Knowledge of the tools and frameworks that will be used in a project is often poorest at the outset. The same often goes for the team's knowledge of the legacy system. If it is not possible to identify a reasonably small MRP for the first release one should consider a delaying tactic. Develop a peripheral function that can be used both with the legacy system and the system to be. This will give the project time to learn more about the tools to be used and legacy system and thereby come up with better strategies to reduce the MRP.
The biggest problem with a delaying strategy is selling it to the customer's management. They will have very strong incentives to start immediately with the core parts of a new system. The value of building a peripheral function is primarily indirect (risk reduction). The costs on the other hand will be up front since development of the most valuable functionality will be delayed. There is also a cost associated with developing a function to work with the legacy system and later modifying it to work with the new system.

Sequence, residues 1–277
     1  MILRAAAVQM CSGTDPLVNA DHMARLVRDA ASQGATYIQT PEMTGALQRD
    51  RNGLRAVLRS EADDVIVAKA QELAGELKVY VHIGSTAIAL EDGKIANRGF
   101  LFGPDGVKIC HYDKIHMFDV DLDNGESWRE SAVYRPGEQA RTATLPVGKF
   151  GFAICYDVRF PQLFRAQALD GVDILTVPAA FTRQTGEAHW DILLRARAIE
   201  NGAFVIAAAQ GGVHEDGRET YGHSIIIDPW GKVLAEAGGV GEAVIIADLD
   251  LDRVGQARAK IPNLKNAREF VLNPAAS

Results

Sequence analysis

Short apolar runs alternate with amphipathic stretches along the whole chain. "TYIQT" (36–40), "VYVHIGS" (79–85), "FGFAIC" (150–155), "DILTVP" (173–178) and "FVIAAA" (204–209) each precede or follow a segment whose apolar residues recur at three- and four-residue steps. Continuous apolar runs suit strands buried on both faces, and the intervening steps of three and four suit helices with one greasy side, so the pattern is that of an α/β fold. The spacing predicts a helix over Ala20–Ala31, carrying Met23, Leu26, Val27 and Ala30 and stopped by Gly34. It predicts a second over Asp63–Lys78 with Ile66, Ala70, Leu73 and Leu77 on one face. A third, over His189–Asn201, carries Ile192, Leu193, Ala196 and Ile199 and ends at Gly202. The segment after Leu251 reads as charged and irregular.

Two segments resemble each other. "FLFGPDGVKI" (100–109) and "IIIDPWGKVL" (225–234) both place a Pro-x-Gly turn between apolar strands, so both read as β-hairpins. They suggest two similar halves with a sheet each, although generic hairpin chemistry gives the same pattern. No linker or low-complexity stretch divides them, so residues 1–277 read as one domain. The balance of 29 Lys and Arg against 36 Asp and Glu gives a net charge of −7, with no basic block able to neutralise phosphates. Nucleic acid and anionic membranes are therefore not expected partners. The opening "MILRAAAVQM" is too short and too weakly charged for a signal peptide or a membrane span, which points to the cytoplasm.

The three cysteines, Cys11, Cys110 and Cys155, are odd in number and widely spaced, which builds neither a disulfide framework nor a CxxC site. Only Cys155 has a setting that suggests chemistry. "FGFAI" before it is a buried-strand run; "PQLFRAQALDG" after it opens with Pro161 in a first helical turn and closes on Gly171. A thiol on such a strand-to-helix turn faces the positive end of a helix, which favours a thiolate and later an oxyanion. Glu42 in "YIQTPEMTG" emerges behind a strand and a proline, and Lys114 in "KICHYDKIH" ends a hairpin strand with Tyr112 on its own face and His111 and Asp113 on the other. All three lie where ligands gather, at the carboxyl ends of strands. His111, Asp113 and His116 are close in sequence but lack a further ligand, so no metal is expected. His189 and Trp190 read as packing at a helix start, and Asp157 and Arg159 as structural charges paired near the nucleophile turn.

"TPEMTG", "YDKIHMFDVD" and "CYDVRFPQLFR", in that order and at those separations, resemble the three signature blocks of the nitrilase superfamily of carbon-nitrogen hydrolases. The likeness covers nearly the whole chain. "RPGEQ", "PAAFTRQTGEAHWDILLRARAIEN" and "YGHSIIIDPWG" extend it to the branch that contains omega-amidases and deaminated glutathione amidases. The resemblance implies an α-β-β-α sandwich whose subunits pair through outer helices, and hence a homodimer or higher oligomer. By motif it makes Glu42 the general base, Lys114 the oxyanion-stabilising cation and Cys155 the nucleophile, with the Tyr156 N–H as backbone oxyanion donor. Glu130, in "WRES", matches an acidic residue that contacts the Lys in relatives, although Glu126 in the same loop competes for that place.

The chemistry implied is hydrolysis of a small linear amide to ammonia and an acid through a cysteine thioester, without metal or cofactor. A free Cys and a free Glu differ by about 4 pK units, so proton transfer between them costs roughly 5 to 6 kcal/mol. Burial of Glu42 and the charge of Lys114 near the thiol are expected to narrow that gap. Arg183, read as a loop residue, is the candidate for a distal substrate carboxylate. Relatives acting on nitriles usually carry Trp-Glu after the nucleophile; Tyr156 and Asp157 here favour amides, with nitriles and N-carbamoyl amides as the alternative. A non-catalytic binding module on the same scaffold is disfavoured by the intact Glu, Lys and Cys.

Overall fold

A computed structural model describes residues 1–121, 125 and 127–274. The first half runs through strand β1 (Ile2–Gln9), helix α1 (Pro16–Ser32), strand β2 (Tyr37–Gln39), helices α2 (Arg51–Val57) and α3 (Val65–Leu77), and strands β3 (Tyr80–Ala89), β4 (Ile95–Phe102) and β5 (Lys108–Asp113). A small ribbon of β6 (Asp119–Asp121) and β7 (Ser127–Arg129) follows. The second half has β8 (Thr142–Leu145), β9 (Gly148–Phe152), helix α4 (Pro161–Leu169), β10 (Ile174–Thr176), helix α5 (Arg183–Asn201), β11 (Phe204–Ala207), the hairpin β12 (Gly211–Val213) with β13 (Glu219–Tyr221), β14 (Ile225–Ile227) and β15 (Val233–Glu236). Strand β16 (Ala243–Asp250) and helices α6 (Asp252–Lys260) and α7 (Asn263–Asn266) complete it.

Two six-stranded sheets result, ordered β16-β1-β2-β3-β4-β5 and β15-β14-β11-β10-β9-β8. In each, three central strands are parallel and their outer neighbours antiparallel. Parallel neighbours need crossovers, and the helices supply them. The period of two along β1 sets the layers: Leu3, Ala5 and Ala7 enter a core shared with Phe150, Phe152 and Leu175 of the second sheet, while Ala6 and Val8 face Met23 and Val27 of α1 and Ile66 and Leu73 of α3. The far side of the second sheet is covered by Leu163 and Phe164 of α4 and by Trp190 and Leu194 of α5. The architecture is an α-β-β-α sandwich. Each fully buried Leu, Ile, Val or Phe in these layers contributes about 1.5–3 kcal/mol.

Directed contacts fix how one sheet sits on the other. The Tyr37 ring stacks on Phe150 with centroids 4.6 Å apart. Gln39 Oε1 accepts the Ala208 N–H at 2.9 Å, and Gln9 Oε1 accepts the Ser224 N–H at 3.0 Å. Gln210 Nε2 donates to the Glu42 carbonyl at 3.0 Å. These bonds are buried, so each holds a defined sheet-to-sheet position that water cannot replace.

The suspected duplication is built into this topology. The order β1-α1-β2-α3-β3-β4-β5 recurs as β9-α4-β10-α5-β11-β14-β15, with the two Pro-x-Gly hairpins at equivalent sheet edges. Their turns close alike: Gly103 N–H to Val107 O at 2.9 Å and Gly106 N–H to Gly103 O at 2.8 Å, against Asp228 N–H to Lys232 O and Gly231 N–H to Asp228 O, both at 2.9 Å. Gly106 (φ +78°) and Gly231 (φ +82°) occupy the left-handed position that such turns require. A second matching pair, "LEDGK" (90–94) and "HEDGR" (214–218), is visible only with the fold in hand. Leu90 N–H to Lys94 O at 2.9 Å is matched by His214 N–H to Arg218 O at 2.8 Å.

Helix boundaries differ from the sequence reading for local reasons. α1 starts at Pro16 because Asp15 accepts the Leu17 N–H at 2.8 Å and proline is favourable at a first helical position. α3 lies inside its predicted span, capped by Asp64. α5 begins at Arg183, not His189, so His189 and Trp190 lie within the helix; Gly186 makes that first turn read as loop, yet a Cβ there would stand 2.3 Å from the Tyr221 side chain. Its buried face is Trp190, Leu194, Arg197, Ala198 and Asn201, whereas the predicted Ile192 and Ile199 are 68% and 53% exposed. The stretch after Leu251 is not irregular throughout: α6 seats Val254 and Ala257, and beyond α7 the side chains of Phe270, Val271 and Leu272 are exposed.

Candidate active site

The case for delaying is very similar to that of refactoring. Both entail an up front cost that brings long-term benefits.